Is Cycling on the Shoulder Illegal?

Pt Beach Cyclist w Dog wrong way shoulderLet’s re-visit the great war between the executive branch (NJDOT) and the legislative (NJ Title 39) and judiciary (NJ Supreme Court Polzo v Essex County ruling) branches with regard to bicycling on the shoulder. Everybody does it, but is it legal?

NJDOT’s excellent 2011 Bicycling Manual recommends “riding on the right side of the road or on the shoulder.” NJDOT’s circa-1996 Introduction to Bicycle Facilities notes, “Advanced bicyclists are best served by bicycle compatible streets and highways which have been designed to accommodate shared use by bicycles and motor vehicles.” Paved shoulders are considered one form of bicycle compatible roadway.

So NJDOT encourages it, but does that make it legal? NJ Title 39:4-14.1 states: “Every person riding a bicycle upon a roadway shall be granted all of the rights and shall be subject to all of the duties applicable to the driver of a vehicle.”

Wait a minute, isn’t a bicycle a vehicle? Not in NJ – human-powered devices are specifically excluded from the legal definition of vehicle in 39:1-1: “”Vehicle” means every device in, upon or by which a person or property is or may be transported upon a highway, excepting devices moved by human power or used exclusively upon stationary rails or tracks or motorized bicycles.”

So what, it’s the same thing while riding in the shoulder, right? Not really, as the shoulder is specifically excluded from the “roadway” legal definition in 39:1-1: “”Roadway” means that portion of a highway improved, designed, or ordinarily used for vehicular travel, exclusive of the berm or shoulder.” So a cyclist riding in the shoulder would not be granted all the rights and responsibilities as the driver of a vehicle.

Aren’t we nitpicking? Motorists can’t legally drive in the shoulder anyway – cyclists can’t very well have the same rights and responsibilities as the driver of a vehicle while riding in the shoulder, as it would also be illegal.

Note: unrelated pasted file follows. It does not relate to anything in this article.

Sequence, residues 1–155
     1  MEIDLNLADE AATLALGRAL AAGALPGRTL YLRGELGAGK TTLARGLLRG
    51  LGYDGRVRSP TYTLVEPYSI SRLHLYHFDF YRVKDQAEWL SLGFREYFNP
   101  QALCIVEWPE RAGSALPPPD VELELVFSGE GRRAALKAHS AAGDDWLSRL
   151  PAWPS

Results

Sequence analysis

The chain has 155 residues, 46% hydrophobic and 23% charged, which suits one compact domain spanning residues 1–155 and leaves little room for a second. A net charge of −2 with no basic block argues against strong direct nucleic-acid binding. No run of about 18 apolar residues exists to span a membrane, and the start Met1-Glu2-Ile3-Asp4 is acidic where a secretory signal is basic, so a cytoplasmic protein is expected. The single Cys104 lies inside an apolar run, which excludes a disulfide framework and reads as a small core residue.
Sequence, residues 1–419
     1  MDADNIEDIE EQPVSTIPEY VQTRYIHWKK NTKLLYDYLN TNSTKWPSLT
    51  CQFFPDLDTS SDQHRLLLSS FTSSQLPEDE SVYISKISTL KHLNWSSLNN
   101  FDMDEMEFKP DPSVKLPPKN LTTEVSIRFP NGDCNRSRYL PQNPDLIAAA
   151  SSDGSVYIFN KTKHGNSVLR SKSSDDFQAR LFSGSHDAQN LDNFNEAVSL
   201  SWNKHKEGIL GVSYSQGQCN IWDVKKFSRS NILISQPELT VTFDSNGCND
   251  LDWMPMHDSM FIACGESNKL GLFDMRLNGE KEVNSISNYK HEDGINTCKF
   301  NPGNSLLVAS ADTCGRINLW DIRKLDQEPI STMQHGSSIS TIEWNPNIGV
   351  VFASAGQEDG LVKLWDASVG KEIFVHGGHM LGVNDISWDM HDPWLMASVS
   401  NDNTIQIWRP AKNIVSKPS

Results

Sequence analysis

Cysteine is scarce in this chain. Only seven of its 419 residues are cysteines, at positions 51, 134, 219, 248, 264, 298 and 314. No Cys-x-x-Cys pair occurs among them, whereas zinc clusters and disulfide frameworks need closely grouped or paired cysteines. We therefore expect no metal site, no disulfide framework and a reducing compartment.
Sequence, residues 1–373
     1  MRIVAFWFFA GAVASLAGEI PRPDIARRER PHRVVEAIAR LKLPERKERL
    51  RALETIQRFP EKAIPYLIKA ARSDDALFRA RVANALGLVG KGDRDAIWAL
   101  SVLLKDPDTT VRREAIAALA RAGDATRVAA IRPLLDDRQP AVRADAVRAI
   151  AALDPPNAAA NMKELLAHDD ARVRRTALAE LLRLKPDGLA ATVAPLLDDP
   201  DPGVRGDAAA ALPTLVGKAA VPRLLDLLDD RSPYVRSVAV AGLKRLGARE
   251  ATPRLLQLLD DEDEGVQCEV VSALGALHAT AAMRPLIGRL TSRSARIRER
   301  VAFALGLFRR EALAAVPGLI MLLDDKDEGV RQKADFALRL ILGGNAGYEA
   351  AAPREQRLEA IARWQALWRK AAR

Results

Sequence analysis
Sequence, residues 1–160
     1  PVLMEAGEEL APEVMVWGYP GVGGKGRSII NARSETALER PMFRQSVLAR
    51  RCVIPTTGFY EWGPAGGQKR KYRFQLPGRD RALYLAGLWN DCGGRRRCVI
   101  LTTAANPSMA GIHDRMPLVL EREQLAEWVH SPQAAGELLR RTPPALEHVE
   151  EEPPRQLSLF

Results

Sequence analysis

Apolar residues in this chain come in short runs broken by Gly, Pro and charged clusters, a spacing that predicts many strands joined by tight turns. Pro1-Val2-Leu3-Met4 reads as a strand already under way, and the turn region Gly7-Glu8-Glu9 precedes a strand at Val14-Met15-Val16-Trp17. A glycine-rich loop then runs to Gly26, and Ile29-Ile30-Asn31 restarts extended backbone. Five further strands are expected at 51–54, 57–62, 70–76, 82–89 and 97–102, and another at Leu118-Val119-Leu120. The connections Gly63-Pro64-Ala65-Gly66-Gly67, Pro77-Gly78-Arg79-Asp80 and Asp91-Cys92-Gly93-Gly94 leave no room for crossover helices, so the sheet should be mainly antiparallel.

Exactly! If a cyclist has the same rights/responsibilities to follow the rules of the road, s/he should only ride in the travel lane, not in the shoulder.

NJDOT’s lawyers, presuming to encourage only legal cycling behavior, may well point to the sentence structure of 39:4-14.1. It implies that every person riding a bicycle *outside* the roadway (e.g. on the shoulder) would not have the same rights/responsibilities as the driver of a vehicle, but that doesn’t make it illegal, since it’s not explicitly prohibited, like it is for drivers of a vehicle in 39:4-82.

Under this interpretation, it’s a cyclist’s choice whether to ride in the roadway, and be legally bound to follow all the rules of the road, or live free on the shoulder. Just think, no rules, no responsibilities – bike against traffic, blow the wrong way through stop signs, it’s all legal if you’re a cyclist on the shoulder. Under this interpretation, cyclists have an implicitly legal option to ride on the shoulder that isn’t offered to drivers of vehicles.

So which is it? Illegal or legally available w no rights/responsibilities? According to the NJ Supreme Court in Polzo v Essex County, “Bicyclists do not have special privileges on a roadway’s shoulder. Indeed, a bicycle rider is directed to ride on the furthest right hand side of the roadway, not on the roadway’s shoulder. The Motor Vehicle Code does not designate the roadway’s shoulder as a bicycle lane.”

So, as far as the law with regard to cyclists is concerned, the NJ Supremes ruled that a cyclist “is directed” to the roadway, “not on the roadway’s shoulder.”